SMTD's 'Mr. Burns' presents post-apocalyptic comedy
The University of Michigan, “The Simpsons” and the end of the world: At first glance, these three concepts seem blended into a sea of randomness. But upon more investigation and a trip to Lydia Mendelssohn Theatre we find that these three do come together in the dark and comedic show, “Mr. Burns A Post-Electric Play,” performed by SMTD’s Department of Theatre and Drama.
Set in the near future, the show follows a group of apocalypse survivors who retell and reenact episodes of the hit TV show “The Simpsons” in order to cope. The story is told over a span of 75 years, and the audience can revel in delight and nostalgia as they watch how the original stories from the show change over time.
The play is a wild spectacle, full of song, dance and “Simpsons” references. Junior BFA Theatre major Ryan Rosenheim plays a Simpsons fanatic named Matt, whose love for the animated program is key to his character and the plot.
Rosenheim recalled the exciting rehearsal process to bring all of these elements together.
“It's an enormous show so there's quite a bit of dancing and singing, so everyone in the cast was always busy during rehearsal times," he said, "We were either working acting beats with our director, learning music with our music director, or developing choreography with various guest choreographers."
The post-apocalyptic reality the play is set in is a time without electricity. Living in a modern age of constant connections via social media and the internet, it can seem unfathomable that this is a central focus to the production.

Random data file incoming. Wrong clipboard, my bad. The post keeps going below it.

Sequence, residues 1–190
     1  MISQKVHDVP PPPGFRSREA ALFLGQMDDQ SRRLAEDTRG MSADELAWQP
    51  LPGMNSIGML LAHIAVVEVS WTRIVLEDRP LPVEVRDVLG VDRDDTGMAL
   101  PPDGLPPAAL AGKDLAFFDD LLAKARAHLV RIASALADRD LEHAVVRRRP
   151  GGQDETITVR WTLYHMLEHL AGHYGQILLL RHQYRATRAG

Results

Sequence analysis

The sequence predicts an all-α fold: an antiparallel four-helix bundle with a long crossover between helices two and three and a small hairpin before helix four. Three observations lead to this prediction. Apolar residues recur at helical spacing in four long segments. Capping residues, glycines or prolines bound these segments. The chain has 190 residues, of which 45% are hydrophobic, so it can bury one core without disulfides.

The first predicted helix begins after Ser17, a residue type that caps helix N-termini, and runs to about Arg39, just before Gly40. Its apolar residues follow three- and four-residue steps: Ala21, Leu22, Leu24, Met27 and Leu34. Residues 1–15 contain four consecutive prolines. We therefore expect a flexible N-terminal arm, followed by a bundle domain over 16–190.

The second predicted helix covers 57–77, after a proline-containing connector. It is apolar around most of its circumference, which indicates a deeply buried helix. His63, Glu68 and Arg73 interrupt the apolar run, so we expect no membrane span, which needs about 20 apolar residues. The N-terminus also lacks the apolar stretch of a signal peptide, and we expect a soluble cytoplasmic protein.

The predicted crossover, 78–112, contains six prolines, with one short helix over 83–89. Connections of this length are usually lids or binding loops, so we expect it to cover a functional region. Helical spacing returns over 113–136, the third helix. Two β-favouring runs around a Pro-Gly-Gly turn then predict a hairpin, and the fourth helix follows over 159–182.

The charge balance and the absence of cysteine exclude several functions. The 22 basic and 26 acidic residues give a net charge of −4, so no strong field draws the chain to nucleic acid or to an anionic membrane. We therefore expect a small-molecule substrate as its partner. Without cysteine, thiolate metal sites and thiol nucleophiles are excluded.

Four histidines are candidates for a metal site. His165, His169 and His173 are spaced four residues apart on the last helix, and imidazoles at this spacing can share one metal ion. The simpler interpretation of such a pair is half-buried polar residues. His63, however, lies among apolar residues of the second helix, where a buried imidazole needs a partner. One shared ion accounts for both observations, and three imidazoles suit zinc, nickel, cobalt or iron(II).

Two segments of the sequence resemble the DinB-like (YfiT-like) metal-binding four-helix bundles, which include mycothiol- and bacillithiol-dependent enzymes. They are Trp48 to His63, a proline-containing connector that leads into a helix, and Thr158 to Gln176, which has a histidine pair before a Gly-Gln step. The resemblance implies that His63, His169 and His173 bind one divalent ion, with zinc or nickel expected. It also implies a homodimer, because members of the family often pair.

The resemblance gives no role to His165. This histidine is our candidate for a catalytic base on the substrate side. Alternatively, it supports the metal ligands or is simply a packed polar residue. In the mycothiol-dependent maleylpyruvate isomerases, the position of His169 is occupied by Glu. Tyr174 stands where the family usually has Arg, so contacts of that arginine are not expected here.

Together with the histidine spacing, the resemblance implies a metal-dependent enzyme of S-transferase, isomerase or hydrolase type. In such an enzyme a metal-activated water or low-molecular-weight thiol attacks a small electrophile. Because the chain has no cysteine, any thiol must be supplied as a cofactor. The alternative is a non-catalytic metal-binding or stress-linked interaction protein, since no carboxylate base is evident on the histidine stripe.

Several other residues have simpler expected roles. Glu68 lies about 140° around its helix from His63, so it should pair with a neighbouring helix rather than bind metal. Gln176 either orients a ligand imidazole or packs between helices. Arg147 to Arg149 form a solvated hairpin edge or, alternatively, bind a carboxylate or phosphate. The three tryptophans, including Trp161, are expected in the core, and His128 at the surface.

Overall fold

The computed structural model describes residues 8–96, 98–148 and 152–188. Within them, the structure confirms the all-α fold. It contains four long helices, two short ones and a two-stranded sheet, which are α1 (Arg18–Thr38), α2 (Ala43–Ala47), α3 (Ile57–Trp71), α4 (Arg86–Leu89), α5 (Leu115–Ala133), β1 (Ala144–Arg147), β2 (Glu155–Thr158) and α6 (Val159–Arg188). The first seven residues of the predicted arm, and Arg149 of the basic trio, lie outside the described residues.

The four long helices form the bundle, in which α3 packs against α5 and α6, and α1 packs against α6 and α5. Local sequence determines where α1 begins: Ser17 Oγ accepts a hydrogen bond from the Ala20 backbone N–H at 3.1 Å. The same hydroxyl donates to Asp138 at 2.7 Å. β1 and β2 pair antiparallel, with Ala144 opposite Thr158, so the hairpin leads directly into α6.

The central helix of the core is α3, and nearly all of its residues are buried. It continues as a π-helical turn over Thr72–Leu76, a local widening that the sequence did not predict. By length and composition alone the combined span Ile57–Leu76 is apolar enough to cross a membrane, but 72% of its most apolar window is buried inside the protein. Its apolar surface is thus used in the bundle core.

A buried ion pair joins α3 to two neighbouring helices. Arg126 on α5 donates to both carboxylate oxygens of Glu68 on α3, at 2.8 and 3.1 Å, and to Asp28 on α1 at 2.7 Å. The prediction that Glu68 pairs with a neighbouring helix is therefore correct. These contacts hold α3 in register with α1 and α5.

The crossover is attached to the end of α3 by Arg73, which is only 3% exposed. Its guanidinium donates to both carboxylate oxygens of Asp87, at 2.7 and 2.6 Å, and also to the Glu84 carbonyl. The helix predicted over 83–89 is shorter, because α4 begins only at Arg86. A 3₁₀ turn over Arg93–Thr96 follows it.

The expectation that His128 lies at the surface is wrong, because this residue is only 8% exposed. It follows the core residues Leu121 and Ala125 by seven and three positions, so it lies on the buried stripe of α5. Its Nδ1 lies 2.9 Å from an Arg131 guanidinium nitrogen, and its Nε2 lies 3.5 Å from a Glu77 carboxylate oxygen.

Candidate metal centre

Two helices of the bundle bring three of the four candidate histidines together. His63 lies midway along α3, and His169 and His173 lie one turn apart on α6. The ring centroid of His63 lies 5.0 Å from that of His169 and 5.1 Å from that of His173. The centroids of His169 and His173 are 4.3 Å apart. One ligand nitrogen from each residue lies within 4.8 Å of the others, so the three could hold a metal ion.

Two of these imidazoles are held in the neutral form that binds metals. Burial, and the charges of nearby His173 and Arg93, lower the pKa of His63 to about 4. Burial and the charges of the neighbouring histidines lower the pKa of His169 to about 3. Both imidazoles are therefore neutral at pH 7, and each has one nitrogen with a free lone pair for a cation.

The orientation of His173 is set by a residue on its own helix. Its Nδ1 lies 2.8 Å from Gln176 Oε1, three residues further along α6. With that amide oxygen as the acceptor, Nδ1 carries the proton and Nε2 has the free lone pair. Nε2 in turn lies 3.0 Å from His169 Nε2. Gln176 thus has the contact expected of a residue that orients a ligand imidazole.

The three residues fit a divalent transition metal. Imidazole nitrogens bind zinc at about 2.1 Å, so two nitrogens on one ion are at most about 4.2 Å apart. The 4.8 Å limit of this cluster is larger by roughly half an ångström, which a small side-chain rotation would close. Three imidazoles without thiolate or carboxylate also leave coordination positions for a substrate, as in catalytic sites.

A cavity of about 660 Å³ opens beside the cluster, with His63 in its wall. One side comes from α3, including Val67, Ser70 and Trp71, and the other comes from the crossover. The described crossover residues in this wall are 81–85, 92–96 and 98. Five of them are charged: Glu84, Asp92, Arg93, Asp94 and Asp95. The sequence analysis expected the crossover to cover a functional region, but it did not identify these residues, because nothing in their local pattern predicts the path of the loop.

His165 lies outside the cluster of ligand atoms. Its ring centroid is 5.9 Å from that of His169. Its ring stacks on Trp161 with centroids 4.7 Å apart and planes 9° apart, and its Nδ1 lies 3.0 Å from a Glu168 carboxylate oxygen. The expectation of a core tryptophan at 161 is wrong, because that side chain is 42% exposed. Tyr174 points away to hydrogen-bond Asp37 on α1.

“The show is post-electric so I try to avoid devices and technology before rehearsals and really try to imagine all of my mundane daily interactions and tasks as memories, for in the apocalypse those mundane things we take for granted are exactly the things you miss," Rosenheim explained, "The show definitely expects a lot of its performers and for myself. I'm out of my comfort zone quite a bit."
However, being in a show this unique has given the actors an opportunity to grow as performers.
“Being a part of Mr. Burns, which is a very ensemble based show, has really allowed me to forgo my ego and simply tell a story to the best of my ability,” he added.
The process is hectic and intense, and it becomes even more strenuous when there is a time crunch. Rosenheim said that the show was put together in just a little over a month.
The cast has dedicated their time, their effort and their creative talents into this show to add the classic SMTD charm to their show. They committed to the rehearsal process, meeting every weekday from 6:30 p.m. to 10:30 p.m. and most of the day on Saturdays. Rehearsals can range anywhere from six to ten hours a day during tech week, which is the week before the show opens.
This performance is one that provokes intrigue and questions, especially in this social climate we are living in right now. Given our modern world with all of the technological affordances at our fingertips, people often forget what matters and the connections we are able to make on an individual and community-based level.
A show about post-apocalyptic people recreating “The Simpsons” is dripping with irony –– they are living in a world after the age of the internet or media and still trying to form basic human connections by relating to one another through the media form of television. I believe this now highlights for us how we create our imagined social communities through media representation and television events, and how we can should find our connections without technology.